In March, Worth Primary School joined the Deal Education Alliance for Learning Trust. In April, Chartham Primary and St Stephen’s Infants in Canterbury came together to create the Inspira Academy Trust, Sandwich Infants joined Aquila, the Diocese of Canterbury Academy Trust, and Fleetdown Primary in Dartford joined the Galaxy Trust, all five as converter academies. These take the proportion of Kent primary schools having academised to 43%, with the government proposing to put more pressure on schools to convert (see below). Mundella Primary School in Folkestone has had its application to join the Verita Trust in Deal approved and it is proposed that Will Adams Centre, an Alternative Provision School in Medway will join the Alternative Learning Trust.  Approval for the controversial new Free Secondary School in Thanet is further delayed.

Other items look at: Halling and Fairview Primaries in Medway; the proposed merger of All Hallows and Stoke primaries on the Hoo Peninsula; Kent Catholic Schools  Partnership; other recommendations by the SE and South London Headteacher Board; Copperfield Academy's Good Ofsted; and expanding academies. 

The article concludes with a look at new government policies working towards seeing all schools becoming academies, with several local mentions.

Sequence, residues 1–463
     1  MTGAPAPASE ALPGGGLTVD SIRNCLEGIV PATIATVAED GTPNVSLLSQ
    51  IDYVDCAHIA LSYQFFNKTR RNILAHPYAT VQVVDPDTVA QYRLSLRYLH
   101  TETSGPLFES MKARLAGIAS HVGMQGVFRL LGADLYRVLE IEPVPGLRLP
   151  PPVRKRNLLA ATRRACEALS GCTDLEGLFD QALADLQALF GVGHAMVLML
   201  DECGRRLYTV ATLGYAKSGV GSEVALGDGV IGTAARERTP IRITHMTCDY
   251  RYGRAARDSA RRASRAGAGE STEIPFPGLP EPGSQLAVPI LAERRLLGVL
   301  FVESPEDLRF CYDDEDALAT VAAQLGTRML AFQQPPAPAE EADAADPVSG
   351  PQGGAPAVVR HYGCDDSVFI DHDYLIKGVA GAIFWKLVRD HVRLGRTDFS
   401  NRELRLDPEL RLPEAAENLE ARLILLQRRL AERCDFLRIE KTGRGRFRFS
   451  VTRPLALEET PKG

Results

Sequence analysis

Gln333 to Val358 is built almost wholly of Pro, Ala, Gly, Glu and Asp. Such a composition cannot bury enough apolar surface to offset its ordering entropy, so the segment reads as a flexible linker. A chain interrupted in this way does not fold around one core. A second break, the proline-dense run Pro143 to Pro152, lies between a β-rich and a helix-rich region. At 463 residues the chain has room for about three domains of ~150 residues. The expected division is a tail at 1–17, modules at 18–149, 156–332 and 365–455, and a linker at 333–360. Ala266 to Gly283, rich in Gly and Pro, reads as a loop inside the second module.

Published in News and Comments

Updated below, 8th Feb, drawing on a KCC Education Committee Report

I have covered disputes over the proposed conversion of Kent schools built under the Private Finance Initiative (PFI) to become academies for many years. These first surfaced around 2011, my initial article being here, with the schools involved including Holmesdale Technology College and The North School.  

Ten years later, these two schools are still at the heart of the issue and I have chronicled their misfortunes under Kent County Council (KCC) control over the years, although up to another eight PFI schools may well be looking on with their own plans to convert. Both of the two schools are now managed for Kent County Council by Swale Academy Trust, whose plan, alongside improving them, has always been to secure academy status for both. I have received correspondence from FOI requests over the past two years which confirms the difficulties encountered in attempting to achieve this, but now shows that all obstacles appear to have been removed. A letter from KCC to Swale, of 11th September 2020, concludes I see no reason why these conversions should not proceed with little contention between ourselves‘. This is quite explicit although, despite the view that ‘We are both working to the same objective, the swift, smooth transition of the schools into the Trust’, it appears that KCC has been stalling on implementing the conversions for a further five months, having possibly only taken the single step of appointing solicitors to oversee the conversions. As a result, the agreed conversion date of 1st September 2021 appears very much at risk, in which case Swale Academies Trust could decide to pull out completely and hand the schools back to KCC, whose record is one of having led them both into Special Measures.